A few years ago, Los Angeles-based Manning reconnected with Smith, who lives in Atlanta. “Originally, I was just going to write with Tim,” Manning recalls. “More as a friend reach-out, reconnecting with him in a way that we hadn’t [since] Umajets.” Once they got talking, bigger ideas blossomed. And they both realized that Eric Dover could bring a lot to the project they had in mind. Manning recalls thinking, “Wouldn’t it be great to have Eric in the mix?” Dover agreed, and the new group came into being.
None of those earlier projects was an attempt to copy the Jellyfish sound, but everyone involved in The Lickerish Quartet admits that comparisons are inevitable. “We’re the same,” says Smith, “in that we’re the same people with the same sensibilities about what we like about songwriting.” He likens the situation to people who have grown up together, sharing the same set of words in their vocabulary. “They can speak to each other in a certain way without having to explain to each other too much,” he says.
And The Lickerish Quartet does bear some similarities to Jellyfish. “Obviously, we weren’t getting back together to play a totally different kind of music,” Smith admits. “We’re not trying to be a fusion band!” He says that the musical sensibilities remain the same, but emphasizes that he, Manning and Dover “were never trying to be Jellyfish Part Two.”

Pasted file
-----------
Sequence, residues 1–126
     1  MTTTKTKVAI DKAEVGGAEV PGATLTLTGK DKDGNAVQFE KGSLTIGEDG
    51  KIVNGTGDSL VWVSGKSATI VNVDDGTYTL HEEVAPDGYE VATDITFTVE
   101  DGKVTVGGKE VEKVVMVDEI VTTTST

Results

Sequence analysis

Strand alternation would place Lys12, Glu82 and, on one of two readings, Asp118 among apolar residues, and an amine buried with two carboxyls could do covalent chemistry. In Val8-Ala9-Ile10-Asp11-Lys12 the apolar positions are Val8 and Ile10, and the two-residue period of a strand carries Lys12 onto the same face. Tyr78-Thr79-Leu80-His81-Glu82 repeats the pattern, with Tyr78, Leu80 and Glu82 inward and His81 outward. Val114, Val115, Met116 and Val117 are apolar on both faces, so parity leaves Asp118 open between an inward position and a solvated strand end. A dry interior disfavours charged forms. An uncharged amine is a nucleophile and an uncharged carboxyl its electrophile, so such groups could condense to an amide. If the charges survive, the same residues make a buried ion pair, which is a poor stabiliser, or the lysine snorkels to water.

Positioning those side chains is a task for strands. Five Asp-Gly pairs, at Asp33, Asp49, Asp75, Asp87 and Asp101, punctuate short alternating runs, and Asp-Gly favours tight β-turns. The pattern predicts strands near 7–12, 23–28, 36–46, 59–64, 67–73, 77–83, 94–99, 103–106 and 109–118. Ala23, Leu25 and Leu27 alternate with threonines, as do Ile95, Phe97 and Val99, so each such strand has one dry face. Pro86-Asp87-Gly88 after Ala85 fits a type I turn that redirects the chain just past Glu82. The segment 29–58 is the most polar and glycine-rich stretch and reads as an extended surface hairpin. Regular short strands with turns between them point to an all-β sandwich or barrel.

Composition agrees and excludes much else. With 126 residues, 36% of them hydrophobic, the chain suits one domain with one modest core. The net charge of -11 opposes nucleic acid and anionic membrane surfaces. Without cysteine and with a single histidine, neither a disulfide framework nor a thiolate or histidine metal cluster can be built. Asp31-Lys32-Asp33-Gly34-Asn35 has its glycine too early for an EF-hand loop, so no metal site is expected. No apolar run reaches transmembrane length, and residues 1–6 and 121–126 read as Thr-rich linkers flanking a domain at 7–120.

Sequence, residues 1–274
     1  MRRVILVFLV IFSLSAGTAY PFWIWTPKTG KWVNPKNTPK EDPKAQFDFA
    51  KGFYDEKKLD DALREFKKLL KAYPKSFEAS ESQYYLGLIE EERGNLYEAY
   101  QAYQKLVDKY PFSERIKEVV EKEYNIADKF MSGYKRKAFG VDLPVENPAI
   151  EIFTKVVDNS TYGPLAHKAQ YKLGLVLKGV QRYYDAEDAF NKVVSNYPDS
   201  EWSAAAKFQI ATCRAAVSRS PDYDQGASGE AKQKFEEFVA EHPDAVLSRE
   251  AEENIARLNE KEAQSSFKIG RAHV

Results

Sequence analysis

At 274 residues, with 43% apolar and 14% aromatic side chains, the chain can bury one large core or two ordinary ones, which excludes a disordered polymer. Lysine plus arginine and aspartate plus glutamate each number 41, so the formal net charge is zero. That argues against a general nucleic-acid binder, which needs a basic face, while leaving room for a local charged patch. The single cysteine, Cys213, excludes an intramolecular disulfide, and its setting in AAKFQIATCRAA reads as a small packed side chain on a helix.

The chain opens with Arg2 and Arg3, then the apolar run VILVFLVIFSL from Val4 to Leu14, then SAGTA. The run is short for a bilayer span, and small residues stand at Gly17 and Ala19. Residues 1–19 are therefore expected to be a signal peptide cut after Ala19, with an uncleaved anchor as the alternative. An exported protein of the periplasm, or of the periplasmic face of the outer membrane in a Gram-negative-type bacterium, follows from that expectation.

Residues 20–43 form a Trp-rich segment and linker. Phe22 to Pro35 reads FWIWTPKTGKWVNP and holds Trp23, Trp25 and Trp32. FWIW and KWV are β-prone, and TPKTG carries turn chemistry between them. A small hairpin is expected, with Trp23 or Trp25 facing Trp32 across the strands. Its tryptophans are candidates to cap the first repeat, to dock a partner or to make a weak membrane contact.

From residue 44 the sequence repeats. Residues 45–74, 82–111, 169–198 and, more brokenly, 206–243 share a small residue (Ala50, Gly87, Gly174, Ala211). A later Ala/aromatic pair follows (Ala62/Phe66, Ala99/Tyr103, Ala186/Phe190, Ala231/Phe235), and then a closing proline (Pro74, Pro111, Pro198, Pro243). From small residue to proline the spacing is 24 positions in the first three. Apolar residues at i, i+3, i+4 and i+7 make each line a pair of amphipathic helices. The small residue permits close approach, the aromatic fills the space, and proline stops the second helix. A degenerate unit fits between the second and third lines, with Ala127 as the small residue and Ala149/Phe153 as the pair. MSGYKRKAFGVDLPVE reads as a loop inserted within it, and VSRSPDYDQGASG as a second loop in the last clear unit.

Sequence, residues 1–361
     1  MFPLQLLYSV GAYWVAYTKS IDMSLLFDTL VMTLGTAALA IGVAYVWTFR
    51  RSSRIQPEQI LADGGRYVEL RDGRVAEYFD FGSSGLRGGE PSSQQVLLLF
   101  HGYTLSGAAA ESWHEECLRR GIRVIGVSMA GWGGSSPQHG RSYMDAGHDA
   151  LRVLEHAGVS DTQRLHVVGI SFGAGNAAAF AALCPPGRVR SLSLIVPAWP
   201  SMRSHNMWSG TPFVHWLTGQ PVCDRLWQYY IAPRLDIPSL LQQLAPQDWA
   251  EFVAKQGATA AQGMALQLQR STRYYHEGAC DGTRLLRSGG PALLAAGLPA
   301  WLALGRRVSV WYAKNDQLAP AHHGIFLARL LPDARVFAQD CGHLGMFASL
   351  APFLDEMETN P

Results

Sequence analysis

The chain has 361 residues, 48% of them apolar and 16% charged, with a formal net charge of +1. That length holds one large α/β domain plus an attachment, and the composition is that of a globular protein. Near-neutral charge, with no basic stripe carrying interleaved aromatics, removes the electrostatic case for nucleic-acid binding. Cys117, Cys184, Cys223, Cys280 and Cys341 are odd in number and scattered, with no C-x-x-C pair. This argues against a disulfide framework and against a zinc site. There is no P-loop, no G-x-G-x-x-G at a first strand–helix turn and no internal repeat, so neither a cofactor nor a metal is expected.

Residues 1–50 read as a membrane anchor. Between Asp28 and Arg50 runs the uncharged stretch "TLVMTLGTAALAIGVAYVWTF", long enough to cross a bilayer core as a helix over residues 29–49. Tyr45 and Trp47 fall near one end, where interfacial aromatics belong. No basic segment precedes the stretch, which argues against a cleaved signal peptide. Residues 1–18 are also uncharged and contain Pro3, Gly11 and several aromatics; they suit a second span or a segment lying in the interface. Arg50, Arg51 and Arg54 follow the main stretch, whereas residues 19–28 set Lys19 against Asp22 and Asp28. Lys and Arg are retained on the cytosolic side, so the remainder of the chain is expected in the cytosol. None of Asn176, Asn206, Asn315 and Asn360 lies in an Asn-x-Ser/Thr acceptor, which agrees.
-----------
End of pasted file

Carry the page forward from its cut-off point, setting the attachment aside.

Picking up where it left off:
Manning says that while “you could tell there was some Jellyfish” in the music he and Dover made with Imperial Drag, “it was its own thing, and we were deliberately headed into a different direction.” Both of those observations apply to The Lickerish Quartet as well. “But I’d be very surprised if we don’t pick up where we left off,” he says. “Because while I hadn’t been in touch with Tim and Eric a lot in our time apart, it was pretty clear to me that those are our roots. That style is in our DNA.”
Still, listeners should resist the temptation to make too much of the fact that The Lickerish Quartet features three former members of Jellyfish. For starters, there’s one very fundamental difference. In the ‘90s band, all of the music was written by Sturmer and Manning. But in the new group, all three members contribute. “We all chipped in on each other’s songs,” Smith points out. “That never happened in Jellyfish.”
Manning agrees. “The whole Jellyfish break-up was such a tragedy,” he says. “And one of the tragedies was that it was very clear to me, while touring [in support of] Spilt Milk, that Eric Dover and Tim Smith were both very good singer-songwriters in their own respect.” In fact, he says, as plans were being laid for a third Jellyfish album, he hoped to put those talents to work. “Alas,” he says, “that was never to be realized or experimented with, because Andy and I ended our relationship, personally and professionally. And it was always like, ‘God, what a crime!’”